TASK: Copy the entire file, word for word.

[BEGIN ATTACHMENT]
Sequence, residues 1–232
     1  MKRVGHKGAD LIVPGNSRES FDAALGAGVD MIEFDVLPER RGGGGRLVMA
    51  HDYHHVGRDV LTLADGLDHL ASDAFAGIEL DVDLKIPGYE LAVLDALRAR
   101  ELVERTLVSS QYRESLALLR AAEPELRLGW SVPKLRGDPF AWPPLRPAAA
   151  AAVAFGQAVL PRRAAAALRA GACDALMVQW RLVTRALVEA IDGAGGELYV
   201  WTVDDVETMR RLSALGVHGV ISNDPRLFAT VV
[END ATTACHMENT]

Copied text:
Sequence, residues 1–232
     1  MKRVGHKGAD LIVPGNSRES FDAALGAGVD MIEFDVLPER RGGGGRLVMA
    51  HDYHHVGRDV LTLADGLDHL ASDAFAGIEL DVDLKIPGYE LAVLDALRAR
   101  ELVERTLVSS QYRESLALLR AAEPELRLGW SVPKLRGDPF AWPPLRPAAA
   151  AAVAFGQAVL PRRAAAALRA GACDALMVQW RLVTRALVEA IDGAGGELYV
   201  WTVDDVETMR RLSALGVHGV ISNDPRLFAT VV